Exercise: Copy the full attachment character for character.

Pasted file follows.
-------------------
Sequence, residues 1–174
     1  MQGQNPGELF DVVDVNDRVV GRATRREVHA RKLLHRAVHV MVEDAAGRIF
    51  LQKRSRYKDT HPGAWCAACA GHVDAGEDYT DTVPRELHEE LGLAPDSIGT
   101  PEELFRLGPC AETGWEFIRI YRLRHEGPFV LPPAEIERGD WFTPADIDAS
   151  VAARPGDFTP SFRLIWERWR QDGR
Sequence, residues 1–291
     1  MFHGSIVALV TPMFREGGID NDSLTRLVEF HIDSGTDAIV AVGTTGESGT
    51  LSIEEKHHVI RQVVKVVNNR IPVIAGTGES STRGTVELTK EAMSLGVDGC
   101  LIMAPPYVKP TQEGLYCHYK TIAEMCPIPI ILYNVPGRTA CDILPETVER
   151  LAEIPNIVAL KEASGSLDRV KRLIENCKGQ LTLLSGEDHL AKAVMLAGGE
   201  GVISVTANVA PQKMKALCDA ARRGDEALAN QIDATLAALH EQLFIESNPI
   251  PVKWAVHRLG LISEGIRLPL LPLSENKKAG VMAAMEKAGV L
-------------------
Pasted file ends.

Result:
Sequence, residues 1–174
     1  MQGQNPGELF DVVDVNDRVV GRATRREVHA RKLLHRAVHV MVEDAAGRIF
    51  LQKRSRYKDT HPGAWCAACA GHVDAGEDYT DTVPRELHEE LGLAPDSIGT
   101  PEELFRLGPC AETGWEFIRI YRLRHEGPFV LPPAEIERGD WFTPADIDAS
   151  VAARPGDFTP SFRLIWERWR QDGR
Sequence, residues 1–291
     1  MFHGSIVALV TPMFREGGID NDSLTRLVEF HIDSGTDAIV AVGTTGESGT
    51  LSIEEKHHVI RQVVKVVNNR IPVIAGTGES STRGTVELTK EAMSLGVDGC
   101  LIMAPPYVKP TQEGLYCHYK TIAEMCPIPI ILYNVPGRTA CDILPETVER
   151  LAEIPNIVAL KEASGSLDRV KRLIENCKGQ LTLLSGEDHL AKAVMLAGGE
   201  GVISVTANVA PQKMKALCDA ARRGDEALAN QIDATLAALH EQLFIESNPI
   251  PVKWAVHRLG LISEGIRLPL LPLSENKKAG VMAAMEKAGV L